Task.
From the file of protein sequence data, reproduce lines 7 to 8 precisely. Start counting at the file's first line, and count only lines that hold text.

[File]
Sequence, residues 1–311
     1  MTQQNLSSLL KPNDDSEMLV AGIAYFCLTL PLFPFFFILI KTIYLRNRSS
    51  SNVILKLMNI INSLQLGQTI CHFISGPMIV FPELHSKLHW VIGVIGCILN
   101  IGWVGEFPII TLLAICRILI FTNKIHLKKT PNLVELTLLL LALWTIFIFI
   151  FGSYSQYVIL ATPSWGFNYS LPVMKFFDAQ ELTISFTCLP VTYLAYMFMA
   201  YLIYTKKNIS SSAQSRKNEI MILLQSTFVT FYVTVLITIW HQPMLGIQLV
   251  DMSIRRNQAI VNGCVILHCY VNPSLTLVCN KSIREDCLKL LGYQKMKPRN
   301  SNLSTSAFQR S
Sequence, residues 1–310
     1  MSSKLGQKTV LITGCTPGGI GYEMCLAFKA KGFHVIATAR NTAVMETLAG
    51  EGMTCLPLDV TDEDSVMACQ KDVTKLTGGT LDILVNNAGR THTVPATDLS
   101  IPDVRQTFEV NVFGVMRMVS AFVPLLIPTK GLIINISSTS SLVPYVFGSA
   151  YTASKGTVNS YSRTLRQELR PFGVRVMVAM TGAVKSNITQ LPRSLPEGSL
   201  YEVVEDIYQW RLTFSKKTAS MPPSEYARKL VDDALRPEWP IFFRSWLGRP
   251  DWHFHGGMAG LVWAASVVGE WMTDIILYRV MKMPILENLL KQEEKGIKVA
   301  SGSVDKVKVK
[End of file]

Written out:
   251  DMSIRRNQAI VNGCVILHCY VNPSLTLVCN KSIREDCLKL LGYQKMKPRN
   301  SNLSTSAFQR S